After being shunned by her Middle Eastern family, medical assistant Leila Solomon struggles to build a life for herself and her child. Landscape photographer Aiden Stone built a career seeing what others miss, and the second he meets Leila, he is drawn to her unassuming beauty and fragile strength.
Leila cannot defy the gravitational forces pulling her toward Aiden and to the family who cast her out. To build a future with Aiden, she must face the past but is she strong enough to resist being pulled back into the family fold?
Available on NetGalley
Average rating from 3 members
Leila Solomon is a single mother to Mia, a three year old girl. She is estranged from her Middle Eastern family. She lives in Florida with her friend Deena and works with a doctor at his practice. Aiden is a photographer, father of AJ, a six year old boy with down syndrome. They meet at the doctors office, and instantly become attracted. Suddenly, both exes make appearances and everything gets complicated. Will they be able to move forward? This is a book with a very interesting approach to the Middle Eastern immigrant culture and the issues their members have while blending into the West culture, and trying to keep their heritage alive. Thank you Netgalley for the chance to read this book in exchange for an honest review.
This is the first book that I have read by Mona Sedrak but definitely not the last as it was so well written about difficult situations and how to eventually overcome them to get that happy ending. Leila and Aiden story takes you on a journey of life and what you have to do to be together even though you have to go through so much it is worth it in the end. I loved there chemistry and connection between them and I had to keep turning the page's to see what would happen next. I definitely recommend you read this book and you will not be disappointed.
Gravity is about several men and women who endured difficult childhoods and whose trauma lingered into adulthood, but who were determined to do better, especially for their children. The struggle was often hard and confusing, but each character refused to give in to defeat. Sedrak created strong characters and a realistic story line for today's world. It is not always a "happy" read, but it is always an encouraging one. Worth the read, especially for someone who can relate to finding courage, and love in a less than perfect situation.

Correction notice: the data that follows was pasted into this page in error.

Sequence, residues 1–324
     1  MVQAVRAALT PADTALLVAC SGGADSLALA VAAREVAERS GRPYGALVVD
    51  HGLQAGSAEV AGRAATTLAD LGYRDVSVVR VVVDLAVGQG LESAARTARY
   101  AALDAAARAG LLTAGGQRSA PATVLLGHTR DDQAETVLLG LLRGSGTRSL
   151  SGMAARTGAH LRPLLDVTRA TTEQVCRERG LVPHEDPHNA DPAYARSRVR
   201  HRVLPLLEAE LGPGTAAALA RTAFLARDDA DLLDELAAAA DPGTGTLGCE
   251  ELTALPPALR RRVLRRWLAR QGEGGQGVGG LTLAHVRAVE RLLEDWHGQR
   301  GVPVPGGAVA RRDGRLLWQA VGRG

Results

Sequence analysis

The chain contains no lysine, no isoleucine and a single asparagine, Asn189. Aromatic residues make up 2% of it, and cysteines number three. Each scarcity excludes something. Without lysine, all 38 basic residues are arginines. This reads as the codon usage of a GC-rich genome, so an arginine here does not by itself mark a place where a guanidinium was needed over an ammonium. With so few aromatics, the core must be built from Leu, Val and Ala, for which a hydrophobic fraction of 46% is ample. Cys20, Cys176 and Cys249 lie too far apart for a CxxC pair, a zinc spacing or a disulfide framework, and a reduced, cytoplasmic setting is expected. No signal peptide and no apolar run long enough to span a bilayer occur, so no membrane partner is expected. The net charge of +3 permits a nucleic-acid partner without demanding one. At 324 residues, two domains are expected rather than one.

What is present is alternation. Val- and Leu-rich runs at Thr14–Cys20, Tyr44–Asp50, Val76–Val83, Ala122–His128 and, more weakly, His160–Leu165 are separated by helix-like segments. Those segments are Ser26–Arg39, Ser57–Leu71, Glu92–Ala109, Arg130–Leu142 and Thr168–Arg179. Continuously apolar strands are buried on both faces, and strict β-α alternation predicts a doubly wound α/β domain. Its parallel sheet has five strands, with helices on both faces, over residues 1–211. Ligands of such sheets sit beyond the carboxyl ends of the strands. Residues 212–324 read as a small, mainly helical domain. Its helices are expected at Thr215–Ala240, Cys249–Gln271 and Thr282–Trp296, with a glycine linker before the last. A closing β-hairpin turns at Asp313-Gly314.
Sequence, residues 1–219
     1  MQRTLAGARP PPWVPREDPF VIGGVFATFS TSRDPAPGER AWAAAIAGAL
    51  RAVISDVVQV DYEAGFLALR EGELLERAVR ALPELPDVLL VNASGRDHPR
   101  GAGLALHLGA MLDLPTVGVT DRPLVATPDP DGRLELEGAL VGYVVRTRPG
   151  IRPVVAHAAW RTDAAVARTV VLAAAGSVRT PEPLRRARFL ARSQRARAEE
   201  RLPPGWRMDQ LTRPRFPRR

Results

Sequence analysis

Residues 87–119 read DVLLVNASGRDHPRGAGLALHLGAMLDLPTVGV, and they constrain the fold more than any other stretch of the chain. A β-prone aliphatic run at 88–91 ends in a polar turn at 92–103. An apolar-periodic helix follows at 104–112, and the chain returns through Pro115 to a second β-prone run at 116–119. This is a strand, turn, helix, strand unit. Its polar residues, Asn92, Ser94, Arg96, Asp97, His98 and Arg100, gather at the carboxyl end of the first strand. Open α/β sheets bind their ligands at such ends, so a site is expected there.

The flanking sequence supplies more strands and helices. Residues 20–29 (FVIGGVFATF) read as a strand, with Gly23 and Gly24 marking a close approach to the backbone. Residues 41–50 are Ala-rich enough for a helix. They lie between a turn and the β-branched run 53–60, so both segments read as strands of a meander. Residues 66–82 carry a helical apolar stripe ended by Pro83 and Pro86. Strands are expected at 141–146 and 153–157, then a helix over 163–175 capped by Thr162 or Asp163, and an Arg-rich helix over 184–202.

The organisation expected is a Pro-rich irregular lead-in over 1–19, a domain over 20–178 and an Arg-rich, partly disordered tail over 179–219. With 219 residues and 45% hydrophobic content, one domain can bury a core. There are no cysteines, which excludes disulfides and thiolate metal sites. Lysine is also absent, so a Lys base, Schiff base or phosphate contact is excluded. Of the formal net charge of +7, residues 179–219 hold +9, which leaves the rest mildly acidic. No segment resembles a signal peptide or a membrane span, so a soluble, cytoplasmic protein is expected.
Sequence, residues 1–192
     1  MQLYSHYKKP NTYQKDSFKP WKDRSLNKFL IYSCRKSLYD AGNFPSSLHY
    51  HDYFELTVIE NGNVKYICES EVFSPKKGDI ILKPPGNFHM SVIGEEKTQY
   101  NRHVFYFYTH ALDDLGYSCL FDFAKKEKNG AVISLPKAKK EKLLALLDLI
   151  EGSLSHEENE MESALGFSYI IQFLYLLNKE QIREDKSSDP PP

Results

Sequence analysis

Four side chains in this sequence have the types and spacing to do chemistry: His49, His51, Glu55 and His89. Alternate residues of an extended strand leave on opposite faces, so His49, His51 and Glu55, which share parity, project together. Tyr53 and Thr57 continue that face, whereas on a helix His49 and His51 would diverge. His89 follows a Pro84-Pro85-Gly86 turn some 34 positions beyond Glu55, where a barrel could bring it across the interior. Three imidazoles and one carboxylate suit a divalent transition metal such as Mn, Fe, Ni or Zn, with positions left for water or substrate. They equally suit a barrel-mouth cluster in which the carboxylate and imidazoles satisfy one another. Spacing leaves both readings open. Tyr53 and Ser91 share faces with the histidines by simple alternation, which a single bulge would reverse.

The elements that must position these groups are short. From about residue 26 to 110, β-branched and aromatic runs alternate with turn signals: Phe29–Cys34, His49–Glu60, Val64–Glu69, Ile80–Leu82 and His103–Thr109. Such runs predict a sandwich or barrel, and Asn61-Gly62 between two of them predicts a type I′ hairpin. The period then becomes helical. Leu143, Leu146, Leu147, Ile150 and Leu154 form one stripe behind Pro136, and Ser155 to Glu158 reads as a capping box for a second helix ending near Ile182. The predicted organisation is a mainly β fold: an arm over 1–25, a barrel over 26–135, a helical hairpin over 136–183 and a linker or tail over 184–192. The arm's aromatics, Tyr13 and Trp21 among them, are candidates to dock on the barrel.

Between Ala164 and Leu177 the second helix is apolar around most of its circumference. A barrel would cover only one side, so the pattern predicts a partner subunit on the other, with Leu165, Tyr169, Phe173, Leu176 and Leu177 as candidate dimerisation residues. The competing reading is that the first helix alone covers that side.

I received a copy of this book to review from Netgalley. Thank you for the opportunity. This book is multilayered and rich. It explores individuals with traumatic backgrounds and their journeys as well as a love story. Not only of romantic love but of friendship and children. I really liked how this book centred on Leila, a middle Eastern woman, not least because we have the same name! The author sensitively explored Leila's background and how it impacted her future without falling into the trap of making her a stereotype which I applaud. However, I felt the writing was a bit airy at times with the inclusion of some much descriptors and metaphors of the characters feelings and background, clouding the story and creating confusion. It took a while to get into the story and I still found myself zoning out at times with the extensive flowery language that did not add much to the story. On the whole a good book.